For every tragic incident in the world today, there are countless more women and men humanitarians -- changemakers -- making the world a better place in their own respective capacities. Light is more potent and powerful in effacing darkness; let's each of us resolve to spread more light around us, in our communities, and throughout our world.
In the last few years, crowdfunding has become a huge force to raise money for a variety of causes globally. Crowdfunding, embraced particularly by younger generations, appears to have an influential future as a fundraising strategy for millennials, who have grown up in the peer-to-peer vs. top-down influence framework.
Instead of asking our parents to change, why don't we change the situation that caused our parents to change -- poverty? Poverty in Sri Lanka has left many children on the streets scavenging for food, or should we say crumbs. What if I told you for $20 you can buy change -- change in the form of a future.
Granted that Zuckerberg and other wealthy individuals do such public and private acts and structure their affairs to their advantage, my point is that most people will do the same and nobody does anything without expecting something in return, be it material benefits, fame, feeling good about oneself, reward in the afterlife, or other tangible and intangible benefits.
Unfortunately, it remains part of Canada's culture of philanthropy to think charities should spend all their money directly on programs and that "administrative" spending is wrong and should be discouraged. There's a double standard, with different expectations of businesses than of charities when it comes to investing internally.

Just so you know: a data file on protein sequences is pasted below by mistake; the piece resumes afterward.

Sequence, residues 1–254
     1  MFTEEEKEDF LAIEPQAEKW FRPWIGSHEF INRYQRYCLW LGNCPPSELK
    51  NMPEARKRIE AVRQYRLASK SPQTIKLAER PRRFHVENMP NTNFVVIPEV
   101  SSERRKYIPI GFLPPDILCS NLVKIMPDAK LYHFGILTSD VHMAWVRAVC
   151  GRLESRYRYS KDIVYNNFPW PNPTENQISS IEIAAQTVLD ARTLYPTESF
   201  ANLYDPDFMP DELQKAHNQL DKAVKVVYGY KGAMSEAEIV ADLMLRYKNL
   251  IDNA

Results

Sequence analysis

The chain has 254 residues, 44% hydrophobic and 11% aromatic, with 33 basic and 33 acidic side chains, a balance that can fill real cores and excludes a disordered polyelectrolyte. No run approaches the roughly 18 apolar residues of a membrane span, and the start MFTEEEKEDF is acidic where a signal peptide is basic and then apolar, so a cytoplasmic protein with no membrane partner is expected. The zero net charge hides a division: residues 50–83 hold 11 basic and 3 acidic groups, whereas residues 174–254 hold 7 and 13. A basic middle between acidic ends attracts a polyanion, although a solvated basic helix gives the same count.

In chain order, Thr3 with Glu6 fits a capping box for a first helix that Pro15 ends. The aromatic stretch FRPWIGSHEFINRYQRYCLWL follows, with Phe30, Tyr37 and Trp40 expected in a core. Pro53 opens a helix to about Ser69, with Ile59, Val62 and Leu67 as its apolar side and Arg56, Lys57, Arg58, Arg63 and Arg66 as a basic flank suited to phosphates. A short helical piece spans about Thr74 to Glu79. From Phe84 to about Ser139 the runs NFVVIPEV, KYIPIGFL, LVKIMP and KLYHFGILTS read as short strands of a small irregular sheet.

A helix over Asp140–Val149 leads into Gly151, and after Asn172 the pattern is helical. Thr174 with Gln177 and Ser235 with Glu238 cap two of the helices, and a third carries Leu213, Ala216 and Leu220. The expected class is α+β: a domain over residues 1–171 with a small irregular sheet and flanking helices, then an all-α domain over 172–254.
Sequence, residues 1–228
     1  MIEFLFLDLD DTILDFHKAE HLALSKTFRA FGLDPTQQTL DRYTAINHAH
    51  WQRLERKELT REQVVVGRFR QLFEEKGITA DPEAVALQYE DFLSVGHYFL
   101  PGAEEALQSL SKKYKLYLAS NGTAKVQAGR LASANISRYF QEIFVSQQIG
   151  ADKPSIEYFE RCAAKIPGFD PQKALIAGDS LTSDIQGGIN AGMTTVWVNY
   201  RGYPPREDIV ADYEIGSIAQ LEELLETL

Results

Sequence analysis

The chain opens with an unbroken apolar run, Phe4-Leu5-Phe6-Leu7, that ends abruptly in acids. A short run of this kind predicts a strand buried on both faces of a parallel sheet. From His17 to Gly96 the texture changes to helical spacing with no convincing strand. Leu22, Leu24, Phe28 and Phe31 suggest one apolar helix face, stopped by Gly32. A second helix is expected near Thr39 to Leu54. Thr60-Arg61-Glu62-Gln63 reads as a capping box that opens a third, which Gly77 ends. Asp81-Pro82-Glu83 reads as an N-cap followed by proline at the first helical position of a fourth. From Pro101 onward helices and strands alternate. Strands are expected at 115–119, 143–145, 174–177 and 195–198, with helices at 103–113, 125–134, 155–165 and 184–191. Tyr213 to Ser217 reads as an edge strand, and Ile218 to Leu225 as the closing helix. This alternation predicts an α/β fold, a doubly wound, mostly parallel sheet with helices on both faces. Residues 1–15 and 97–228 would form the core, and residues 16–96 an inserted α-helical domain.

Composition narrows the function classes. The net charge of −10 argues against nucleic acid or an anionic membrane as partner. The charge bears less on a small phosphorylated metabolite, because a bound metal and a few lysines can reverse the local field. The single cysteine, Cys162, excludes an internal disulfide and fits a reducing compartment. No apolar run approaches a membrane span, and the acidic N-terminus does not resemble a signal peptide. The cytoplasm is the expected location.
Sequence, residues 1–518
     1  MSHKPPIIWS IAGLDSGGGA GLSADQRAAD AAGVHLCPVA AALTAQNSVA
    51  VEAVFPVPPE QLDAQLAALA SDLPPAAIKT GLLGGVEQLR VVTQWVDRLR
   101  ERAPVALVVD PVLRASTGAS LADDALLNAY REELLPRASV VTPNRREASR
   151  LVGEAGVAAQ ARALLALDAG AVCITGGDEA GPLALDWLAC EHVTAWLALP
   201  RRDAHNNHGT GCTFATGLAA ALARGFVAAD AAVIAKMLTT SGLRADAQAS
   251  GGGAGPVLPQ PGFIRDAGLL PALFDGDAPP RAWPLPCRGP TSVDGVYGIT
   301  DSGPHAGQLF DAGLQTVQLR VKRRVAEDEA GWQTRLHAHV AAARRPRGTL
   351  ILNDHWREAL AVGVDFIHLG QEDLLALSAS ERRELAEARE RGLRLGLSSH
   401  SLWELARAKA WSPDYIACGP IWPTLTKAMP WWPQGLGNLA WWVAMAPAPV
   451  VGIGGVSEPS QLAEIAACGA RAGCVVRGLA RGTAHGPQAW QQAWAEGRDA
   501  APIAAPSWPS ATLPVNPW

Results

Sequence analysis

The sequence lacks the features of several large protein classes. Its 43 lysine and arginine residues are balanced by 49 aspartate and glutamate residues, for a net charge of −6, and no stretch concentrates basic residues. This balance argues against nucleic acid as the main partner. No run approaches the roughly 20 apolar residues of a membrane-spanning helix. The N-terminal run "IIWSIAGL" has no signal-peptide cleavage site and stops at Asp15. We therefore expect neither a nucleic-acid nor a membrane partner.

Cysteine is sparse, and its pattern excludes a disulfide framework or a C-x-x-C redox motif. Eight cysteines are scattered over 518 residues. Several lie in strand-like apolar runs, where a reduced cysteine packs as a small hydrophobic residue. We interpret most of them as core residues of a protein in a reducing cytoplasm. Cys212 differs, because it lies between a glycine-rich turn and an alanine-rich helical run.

Every day, 27 Canadians are diagnosed with terminal brain cancer. On April 7 of this year, 26 of them were strangers to me. The one who wasn't, the one whose text message -- "please come home ...I have the bad brain cancer" -- is seared into my memory like the deepest of scars, the one whose eyes I've sought for strength, resolve, security and acceptance for two decades, is my wife.
We value charities mostly based on how low the overhead is -- this is a deeply entrenched, if not consciously examined, measuring stick for charities. We want our support to go exclusively toward program delivery and not into staff, operations, technology, or training and development -- as if the two are completely unrelated.
Charity, they say, begins at home, though it it can be born anywhere where heart and soul prevail. Cue a recent project in The Annex -- home to Sheena's Place. With no available budget, we knew the only way was to depend on the generosity of others. Here's how with a dash of Scottish fairy dust and the generosity of our friends, we brought the space alive.
For the most part, Hailey is just like any other seven-year-old. However, this past December, she was diagnosed with a life-threatening medical condition called Acute Lymphoblastic Leukemia. Hailey's wish is to have a pop-up camper so that she can go camping with her family and friends and play in the woods, stare up at the stars, stay up past her bedtime.
The mission of #JustGive, to inspire the idea that giving can be simple, spontaneous and contagious, is something that I am really passionate about. Here are my top five fun, easy and totally free ideas that we can all incorporate into our daily lives that will have a "pay it forward" effect on our community.
Some call him a hero, but Imad Zammar says that if his mom, Freida Zammar, is present, she is quick to correct them and say, "he's not a hero -- he did what you are supposed to do -- for family." Maybe, but not everyone saves their older brother's life by giving him a kidney. And that is exactly what Zammar did.